Gated communities are a bewildering concept for me. I understand the desire for security, but I feel locked inside when visiting such places. I find myself wandering the maze of a spacious home and wishing there was a 7-Eleven nearby that I could just walk to, and sit on a curb while sipping a Big Gulp and watching the world go by. You don't really see people outside their homes in gated communities, and everything feels far away.
My parents were in town as well, and I was able to go for a couple of hikes with my dad. I don't think either of us expected to find anything terribly interesting in Southern California, at least within a half-hour drive from Laguna Niguel. Dad found a trail idea on Yelp, Black Star Canyon. I looked up a route on Strava and got the impression that this was going to be a painfully easy road walk, winding up a gentle hillside to the top of a ridge. This was a good thing, as I was in taper mode before the Ohlone 50K, and anyway this was a good way to spend time with my dad (in the spacious house, we all tended to retreat to personal spaces, which is something else I don't like about big homes even though I'm an equal offender.)
The first mile after the gate was a flat paved road. I felt bad, like it was my fault that coastal California was a boring place for my Wasatch-Mountain-trekking father. We wound our way along a fireroad to a weathered post where someone had scratched "waterfall" with some arrows in the wood. So we followed them, dropping into a stream bed that was teeming with poison oak. I pointed out the identifying characteristics of the plant to Dad, and within ten minutes he was more attune to its presence than me. As the canyon narrowed we picked our way over and around increasingly larger boulders, until we were fully scrambling up stone walls. I came to one maneuver where I couldn't quite lift my foot into the only available foothold ($%!* tight hamstrings), and Dad grabbed me underneath my arms and pulled me onto the ledge. It instantly brought back a memory of being 17 years old and hiking with Dad along the knife ridge of the Pfeifferhorn, where he similarly boosted me onto a narrow ledge beside dizzying exposure. I was never afraid of the mountains back then; I always felt safe when I was with Dad. I still feel that way, at 35 years old, with two more decades of fearfulness and scary experiences in my memories.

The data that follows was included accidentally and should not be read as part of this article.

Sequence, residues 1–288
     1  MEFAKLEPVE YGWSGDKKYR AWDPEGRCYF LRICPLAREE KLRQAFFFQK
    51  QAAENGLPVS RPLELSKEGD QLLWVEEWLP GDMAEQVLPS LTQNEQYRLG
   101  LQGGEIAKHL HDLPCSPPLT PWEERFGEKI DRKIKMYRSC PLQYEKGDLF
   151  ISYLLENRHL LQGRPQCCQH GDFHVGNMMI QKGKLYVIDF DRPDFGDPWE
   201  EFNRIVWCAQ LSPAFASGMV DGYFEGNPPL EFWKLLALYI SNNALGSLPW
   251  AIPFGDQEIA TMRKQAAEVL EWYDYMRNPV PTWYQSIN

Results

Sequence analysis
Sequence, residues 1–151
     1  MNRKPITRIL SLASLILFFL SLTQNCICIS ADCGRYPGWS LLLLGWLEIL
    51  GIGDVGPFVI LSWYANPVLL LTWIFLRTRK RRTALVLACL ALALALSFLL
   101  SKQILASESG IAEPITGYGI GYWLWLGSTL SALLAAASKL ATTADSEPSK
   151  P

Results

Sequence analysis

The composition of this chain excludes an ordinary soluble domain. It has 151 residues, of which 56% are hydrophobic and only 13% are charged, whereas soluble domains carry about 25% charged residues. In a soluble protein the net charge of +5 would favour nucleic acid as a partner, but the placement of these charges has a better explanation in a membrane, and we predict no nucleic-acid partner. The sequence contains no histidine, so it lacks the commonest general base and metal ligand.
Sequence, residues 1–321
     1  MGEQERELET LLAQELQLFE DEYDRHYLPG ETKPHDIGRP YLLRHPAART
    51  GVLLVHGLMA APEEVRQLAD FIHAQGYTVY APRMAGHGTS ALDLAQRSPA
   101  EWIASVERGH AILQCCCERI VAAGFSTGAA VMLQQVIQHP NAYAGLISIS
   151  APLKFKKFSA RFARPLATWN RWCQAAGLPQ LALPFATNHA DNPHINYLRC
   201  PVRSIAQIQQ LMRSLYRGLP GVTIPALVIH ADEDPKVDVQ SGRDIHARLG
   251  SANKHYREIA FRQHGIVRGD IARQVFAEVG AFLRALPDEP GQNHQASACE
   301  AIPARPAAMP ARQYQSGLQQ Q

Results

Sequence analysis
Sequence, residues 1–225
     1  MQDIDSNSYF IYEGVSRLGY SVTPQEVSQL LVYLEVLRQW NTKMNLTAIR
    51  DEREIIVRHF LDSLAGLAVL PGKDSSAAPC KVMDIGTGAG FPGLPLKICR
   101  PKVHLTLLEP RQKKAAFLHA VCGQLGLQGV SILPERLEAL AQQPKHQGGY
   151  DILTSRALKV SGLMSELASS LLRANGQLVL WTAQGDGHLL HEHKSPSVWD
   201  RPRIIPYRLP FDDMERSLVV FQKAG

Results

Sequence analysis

At the end of the boulder-choked box canyon we reached the waterfall, which was dry (this is California.) The following day, we did a much more mellow five miles to a robber cave, where we ate peanut butter and honey sandwiches as rain poured down outside the sandstone cove.